Whitney says health care, especially senior living communities, and retail, with a focus on discount stores, is behind most of WBRC's predicted growth. Recent clients include Lakewood Ranch Commercial Realty and Beall's Outlets stores in 17 states. Says Whitney: “In the last three or four years everything is driven by value.”
Another firm with an increase in work is Sarasota-based Hoyt Architects, founded in 1993 by Gary Hoyt. Hoyt brought on a partner last year, Chris Gallagher, formerly with Sarasota-based Jonathan Parks Architect, to target more downtown Sarasota commercial projects.
Several other architecture firms in the region, of course, either didn't survive the recession or have yet to return to glory days. One notable fatality: Once-prominent Sarasota-based architecture and planning firm ADP Group went from 44 employees and a new downtown headquarters in 2007 to out of business by 2009.
Even with the industry rebound, two components of the survival strategy at Fawley|Bryant are straight-up business basics that go deeper than pent-up demand.
One element was to cut costs, from small, such as paper for the copy machine, to big, such as rewriting insurance polices. Bryant says the firm cut expenses 60% in the rough years. “We went through everything,” he says. “We did everything we could.”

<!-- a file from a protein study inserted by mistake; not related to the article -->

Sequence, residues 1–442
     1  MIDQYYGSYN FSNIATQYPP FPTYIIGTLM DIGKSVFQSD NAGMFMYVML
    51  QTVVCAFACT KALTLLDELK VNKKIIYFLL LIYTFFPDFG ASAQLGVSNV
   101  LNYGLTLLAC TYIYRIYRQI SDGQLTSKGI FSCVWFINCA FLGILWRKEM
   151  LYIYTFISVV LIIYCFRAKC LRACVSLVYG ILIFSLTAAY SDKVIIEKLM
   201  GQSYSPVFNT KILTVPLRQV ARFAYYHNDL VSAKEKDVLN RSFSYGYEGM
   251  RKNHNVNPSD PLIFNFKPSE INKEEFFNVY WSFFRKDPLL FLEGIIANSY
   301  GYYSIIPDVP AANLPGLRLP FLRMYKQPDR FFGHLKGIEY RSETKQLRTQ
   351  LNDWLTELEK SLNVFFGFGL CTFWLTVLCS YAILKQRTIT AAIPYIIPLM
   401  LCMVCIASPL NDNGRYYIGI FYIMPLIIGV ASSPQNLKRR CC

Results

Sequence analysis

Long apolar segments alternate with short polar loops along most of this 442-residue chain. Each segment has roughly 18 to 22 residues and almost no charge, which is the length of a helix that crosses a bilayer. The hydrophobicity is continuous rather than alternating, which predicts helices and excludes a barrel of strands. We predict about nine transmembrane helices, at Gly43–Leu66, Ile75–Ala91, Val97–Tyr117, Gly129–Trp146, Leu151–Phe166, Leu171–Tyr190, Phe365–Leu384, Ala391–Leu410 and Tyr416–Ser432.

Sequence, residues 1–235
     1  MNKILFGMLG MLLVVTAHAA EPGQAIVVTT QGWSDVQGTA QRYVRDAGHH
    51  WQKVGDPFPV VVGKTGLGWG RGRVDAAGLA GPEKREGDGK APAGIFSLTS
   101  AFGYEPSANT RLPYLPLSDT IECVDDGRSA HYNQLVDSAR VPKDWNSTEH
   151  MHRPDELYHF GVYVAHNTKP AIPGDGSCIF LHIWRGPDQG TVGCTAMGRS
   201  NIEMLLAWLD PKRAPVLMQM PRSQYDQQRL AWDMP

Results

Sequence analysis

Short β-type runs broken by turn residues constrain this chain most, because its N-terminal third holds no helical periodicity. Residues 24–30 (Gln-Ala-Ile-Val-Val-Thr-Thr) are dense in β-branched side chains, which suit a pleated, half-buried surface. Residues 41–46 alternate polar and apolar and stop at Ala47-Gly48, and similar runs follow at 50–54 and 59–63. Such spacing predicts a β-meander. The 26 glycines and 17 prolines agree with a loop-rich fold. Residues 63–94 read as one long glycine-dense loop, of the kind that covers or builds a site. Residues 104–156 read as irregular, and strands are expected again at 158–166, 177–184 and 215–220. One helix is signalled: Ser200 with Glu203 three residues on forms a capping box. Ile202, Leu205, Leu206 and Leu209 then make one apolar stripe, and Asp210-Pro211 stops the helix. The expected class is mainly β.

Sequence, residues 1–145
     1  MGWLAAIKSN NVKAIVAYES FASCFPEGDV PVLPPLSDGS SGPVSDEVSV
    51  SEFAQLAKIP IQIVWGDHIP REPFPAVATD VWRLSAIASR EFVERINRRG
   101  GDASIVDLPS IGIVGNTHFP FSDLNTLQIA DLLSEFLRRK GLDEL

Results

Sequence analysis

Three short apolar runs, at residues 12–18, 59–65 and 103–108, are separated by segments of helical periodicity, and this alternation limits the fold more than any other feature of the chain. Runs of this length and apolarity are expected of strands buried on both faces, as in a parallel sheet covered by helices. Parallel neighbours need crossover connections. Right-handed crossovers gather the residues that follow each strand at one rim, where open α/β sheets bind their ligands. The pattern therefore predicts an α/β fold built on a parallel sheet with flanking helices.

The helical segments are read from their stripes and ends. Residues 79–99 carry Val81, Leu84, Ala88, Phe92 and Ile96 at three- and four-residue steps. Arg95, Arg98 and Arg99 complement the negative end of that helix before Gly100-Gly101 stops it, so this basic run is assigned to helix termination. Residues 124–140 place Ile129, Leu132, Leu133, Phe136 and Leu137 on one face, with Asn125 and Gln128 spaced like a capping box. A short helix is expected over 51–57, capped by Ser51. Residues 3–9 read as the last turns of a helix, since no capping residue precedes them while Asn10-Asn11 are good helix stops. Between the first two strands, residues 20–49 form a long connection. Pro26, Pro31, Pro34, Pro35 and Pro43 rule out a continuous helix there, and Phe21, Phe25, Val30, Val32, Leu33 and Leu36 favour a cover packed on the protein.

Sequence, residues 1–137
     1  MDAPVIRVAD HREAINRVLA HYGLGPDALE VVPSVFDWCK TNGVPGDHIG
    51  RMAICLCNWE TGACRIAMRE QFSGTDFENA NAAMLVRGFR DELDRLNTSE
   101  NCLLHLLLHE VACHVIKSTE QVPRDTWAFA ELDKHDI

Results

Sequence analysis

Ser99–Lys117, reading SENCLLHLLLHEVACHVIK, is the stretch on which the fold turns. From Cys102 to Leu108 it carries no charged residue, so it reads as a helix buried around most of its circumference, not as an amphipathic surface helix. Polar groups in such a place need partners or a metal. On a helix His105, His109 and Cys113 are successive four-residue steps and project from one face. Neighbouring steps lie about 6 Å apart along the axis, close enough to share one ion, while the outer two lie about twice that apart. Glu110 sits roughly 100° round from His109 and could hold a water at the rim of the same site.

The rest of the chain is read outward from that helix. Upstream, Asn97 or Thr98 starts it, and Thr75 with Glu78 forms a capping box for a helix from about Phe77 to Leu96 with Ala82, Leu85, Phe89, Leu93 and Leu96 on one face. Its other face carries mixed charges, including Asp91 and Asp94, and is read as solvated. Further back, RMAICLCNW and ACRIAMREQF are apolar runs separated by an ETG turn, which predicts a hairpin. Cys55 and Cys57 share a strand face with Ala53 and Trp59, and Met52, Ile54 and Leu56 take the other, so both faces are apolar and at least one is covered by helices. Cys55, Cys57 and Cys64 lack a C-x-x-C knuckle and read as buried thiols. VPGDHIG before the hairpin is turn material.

The second element was to maintain a diverse mix of public and private clients, so it didn't over-rely on one sector. A chunk of the clients, such as IMG Academy in Bradenton and McKechnie Field, spring training home of the Pittsburgh Pirates, are in the Sarasota-Manatee region. Others go from Tampa to Naples. “We don't particularly specialize,” says Bryant, “but with 20 years' experience I don't know there's a project we couldn't do.”
The diversification also allows the firm to spread its expertise to a variety of clients. That inspires employees to reach for new ideas and go after projects Fawley says “turn heads.” Proficiency in multiple areas even gives the firm a financing edge. “It's a changing world out there,” says Fawley. “You have to be mindful of banks and who will lend money for a project.”